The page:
MOTORHEAD: Snapshot of The Future

By Mark Lester

As we emerge from the deepest economic slowdown this generation has seen, there’s an air of cautious optimism swirling around the sno-mo-biz.

Clearly, the snowmobile industry is emerging from the economic storm stronger than any other segment of the recreational powersports industry.

Along with this optimism there are some questions. Two years ago when the economy began to unravel, the industry was under intense pressure from increasing EPA emission standards being forcefully ushered in on a timetable that some OEMs felt was unrealistic.

At the same time, the sport had seen pressure from a couple of poor winters spread across the North American snowbelt. Interestingly, the past two seasons have produced mostly excellent winter weather in all corners of the snowmobiling world.

In the past two years we’ve seen new technology emerge that has diametrically altered the landscape. With clean, light and powerful 4-stroke technology gaining consumer acceptance and super clean, featherweight direct injection 2-strokes spreading in the market there’s reason to believe the EPA boogey-man era may have actually helped, not hindered, our industry.

How so? Clearly, the world is gaining environmental consciousness daily. While I still believe our sport was unfairly maligned by eco-freaks, it remains undeniable, 90s era smoky, inefficient 2-stroke mills were like an infected zit at a beauty pageant – not particularly welcome and hard to market to the masses.

Things have changed so much the past couple years I actually avoid riding behind older non-DI or non-4-stroke sleds so my clothes will remain smelling minty fresh. Clean snowmobile engines are good for us, good for the environment and good for promoting the snowmobile business.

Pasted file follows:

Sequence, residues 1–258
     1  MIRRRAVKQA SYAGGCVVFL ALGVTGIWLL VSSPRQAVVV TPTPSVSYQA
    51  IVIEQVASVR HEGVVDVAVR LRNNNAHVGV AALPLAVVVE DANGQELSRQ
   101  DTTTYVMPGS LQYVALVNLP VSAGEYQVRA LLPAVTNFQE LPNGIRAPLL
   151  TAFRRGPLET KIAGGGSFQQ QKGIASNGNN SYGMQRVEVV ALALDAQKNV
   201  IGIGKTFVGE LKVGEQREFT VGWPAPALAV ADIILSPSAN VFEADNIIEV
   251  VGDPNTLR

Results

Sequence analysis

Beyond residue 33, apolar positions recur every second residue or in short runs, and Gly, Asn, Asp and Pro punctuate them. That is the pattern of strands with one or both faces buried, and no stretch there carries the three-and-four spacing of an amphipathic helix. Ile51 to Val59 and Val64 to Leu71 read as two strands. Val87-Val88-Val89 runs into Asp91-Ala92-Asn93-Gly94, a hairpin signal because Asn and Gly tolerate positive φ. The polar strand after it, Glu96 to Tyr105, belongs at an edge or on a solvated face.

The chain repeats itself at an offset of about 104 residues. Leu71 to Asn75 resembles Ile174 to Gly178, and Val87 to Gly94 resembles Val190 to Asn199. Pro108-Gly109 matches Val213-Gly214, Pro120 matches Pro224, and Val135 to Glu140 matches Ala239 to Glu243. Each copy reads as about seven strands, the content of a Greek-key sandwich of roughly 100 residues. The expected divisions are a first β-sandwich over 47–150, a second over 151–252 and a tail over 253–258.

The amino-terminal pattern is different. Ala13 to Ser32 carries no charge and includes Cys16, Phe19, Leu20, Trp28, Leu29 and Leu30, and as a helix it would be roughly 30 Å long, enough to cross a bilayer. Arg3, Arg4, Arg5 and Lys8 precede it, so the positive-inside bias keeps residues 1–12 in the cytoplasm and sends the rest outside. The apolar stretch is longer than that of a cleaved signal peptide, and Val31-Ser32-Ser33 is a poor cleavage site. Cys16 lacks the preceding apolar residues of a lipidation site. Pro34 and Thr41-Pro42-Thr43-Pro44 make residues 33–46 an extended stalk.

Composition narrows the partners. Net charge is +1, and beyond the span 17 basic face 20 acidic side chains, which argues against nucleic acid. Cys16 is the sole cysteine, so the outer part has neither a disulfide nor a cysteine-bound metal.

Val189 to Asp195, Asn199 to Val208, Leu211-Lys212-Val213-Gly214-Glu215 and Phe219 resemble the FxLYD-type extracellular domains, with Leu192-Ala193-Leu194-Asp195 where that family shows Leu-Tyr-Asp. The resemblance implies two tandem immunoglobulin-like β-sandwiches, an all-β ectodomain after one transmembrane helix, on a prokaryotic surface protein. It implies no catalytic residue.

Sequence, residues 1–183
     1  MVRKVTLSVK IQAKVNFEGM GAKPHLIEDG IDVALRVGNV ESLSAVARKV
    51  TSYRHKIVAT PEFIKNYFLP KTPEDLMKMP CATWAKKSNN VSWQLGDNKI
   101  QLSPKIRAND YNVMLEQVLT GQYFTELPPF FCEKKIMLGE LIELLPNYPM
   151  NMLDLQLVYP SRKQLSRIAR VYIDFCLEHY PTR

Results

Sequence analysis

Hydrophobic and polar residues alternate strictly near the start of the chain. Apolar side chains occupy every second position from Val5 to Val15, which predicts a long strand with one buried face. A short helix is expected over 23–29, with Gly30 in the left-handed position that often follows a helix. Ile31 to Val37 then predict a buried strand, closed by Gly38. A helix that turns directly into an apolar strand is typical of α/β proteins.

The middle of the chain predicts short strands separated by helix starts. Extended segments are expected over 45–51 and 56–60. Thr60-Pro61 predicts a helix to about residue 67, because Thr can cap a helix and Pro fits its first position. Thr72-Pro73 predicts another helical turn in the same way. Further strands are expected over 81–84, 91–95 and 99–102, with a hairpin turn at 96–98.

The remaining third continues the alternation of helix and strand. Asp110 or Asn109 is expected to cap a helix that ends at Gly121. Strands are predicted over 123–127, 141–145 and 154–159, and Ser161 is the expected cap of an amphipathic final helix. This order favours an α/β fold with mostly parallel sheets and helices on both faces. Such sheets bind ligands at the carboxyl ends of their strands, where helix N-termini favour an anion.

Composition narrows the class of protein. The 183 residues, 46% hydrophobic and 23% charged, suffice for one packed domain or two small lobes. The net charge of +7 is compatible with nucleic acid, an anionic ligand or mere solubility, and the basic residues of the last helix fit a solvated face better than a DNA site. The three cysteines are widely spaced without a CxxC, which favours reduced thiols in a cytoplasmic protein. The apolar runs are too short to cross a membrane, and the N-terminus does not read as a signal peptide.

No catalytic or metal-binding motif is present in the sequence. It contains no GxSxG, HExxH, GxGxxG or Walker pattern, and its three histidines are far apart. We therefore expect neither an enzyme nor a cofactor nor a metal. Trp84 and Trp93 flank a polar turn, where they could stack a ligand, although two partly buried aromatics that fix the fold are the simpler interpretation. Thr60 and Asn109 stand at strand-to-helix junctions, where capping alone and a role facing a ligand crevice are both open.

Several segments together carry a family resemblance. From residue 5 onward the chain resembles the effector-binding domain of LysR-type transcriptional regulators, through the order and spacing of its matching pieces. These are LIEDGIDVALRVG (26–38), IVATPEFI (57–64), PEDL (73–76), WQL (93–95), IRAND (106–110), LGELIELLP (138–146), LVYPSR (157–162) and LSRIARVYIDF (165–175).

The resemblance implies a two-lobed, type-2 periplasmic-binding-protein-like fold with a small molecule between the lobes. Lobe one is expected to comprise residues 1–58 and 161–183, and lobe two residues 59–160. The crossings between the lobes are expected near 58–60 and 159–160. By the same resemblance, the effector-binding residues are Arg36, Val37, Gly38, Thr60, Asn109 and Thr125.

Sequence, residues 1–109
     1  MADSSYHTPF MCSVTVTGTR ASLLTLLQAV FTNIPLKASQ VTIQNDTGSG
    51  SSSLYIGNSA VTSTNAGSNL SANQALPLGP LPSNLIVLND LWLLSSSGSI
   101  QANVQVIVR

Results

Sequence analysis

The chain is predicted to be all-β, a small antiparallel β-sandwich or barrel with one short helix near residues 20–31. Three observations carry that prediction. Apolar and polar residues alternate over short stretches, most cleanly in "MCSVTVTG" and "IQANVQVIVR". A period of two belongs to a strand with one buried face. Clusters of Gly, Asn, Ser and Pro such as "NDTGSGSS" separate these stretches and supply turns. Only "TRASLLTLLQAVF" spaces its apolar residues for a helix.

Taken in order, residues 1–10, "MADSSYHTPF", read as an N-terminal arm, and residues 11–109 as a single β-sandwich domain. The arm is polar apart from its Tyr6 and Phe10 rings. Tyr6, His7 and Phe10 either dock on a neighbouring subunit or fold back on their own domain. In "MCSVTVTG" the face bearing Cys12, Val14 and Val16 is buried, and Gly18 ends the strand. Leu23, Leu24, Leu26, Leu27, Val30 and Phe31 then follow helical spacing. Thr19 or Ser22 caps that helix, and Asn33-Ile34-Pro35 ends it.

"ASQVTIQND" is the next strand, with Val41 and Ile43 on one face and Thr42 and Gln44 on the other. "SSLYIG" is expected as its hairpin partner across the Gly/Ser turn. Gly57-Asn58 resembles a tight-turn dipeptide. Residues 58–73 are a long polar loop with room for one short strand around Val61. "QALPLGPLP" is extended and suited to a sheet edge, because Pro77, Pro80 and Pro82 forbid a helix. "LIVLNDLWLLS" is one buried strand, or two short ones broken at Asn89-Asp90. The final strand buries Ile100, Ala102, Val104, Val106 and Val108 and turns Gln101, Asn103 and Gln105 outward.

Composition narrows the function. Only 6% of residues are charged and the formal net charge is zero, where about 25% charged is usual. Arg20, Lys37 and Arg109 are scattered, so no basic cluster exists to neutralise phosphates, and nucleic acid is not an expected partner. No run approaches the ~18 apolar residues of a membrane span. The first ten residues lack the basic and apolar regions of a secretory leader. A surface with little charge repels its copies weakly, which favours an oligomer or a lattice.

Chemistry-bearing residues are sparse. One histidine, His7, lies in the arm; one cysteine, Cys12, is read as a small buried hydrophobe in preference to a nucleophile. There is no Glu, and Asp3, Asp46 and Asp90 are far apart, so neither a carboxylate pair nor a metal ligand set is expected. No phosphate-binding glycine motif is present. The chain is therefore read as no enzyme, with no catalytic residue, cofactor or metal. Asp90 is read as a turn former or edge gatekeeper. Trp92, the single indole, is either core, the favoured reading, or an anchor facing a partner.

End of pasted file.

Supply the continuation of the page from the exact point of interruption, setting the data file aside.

What’s next? While current clean sled engines are having a powerful impact on the market, there are still some issues model year 2012 will present.

Here’s the deal. Ski-Doo meets and can exceed EPA 2012 emission standards right now with its mix of E-TEC 2-strokes and clean 4-stroke engines.

Certainly, Yamaha has nothing to worry about. Since the company has chosen to focus only on 4-strokes, it has been EPA-2012 compliant for some time now. However, there are some interesting twists in the road for both Polaris and Arctic Cat. Watch carefully for new and exciting engine breakthroughs from these two.

Polaris has been hard at work refining its proprietary semi-direct injection Clean Fire 2-stroke technology for about five years. However, SDI technology may not be good enough on its own to clear 2012. We‘ve heard Polaris is working at developing a direct injection 2-stroke that could potentially see limited production exposure in the next year.

Polaris has 2012 clean 4-stroke power right now with its Weber 750 motor in both turbo and normally aspirated versions. We wouldn’t be surprised if there’s another 4-stroke engine in the company’s future product plans as well. Keep in mind, as a result of the EPA’s hard-to-understand “credit” system, there will still be limited numbers of engines in 2012 that are not 2012 clean.

Sixty miles down the road in Thief River Falls, Minnesota, we suspect there’s even more ground breaking engine stuff going on. Arctic has put big stock in the Z-1 1100cc 4-stroke twin Suzuki builds for the company.

The engine has proven reliable, durable and most importantly, capable of producing huge power, evidenced by the Z-1 Turbo’s 175hp thrust. While this particular engine is carrying a lot of weight at Arctic Cat right now we think it’s safe to say the company needs another engine platform, most likely a clean 2-stroke, to meet 2012 and fill in the gaps in its product line.

Arctic Cat has been a champion of big performance and lightness for decades. While a clean 2-stroke makes sense to us, AC may be working with another DI technology different than Ski-Doo’s E-Tec and other proprietary technologies like Mercury Marine’s Orbital system, widely rumored to be on Polaris’ radar.

There’s little doubt, recession or not, time is waiting for no one and neither is the EPA. With the final level of allowable emissions (as of right now) looming for MY 2012, the next two years are going to be exceptionally interesting to observe and participate in.

Look for even more surprising innovation that will produce better power with improved mileage and, oh yeah… cleaner emissions.

Supertrax Online
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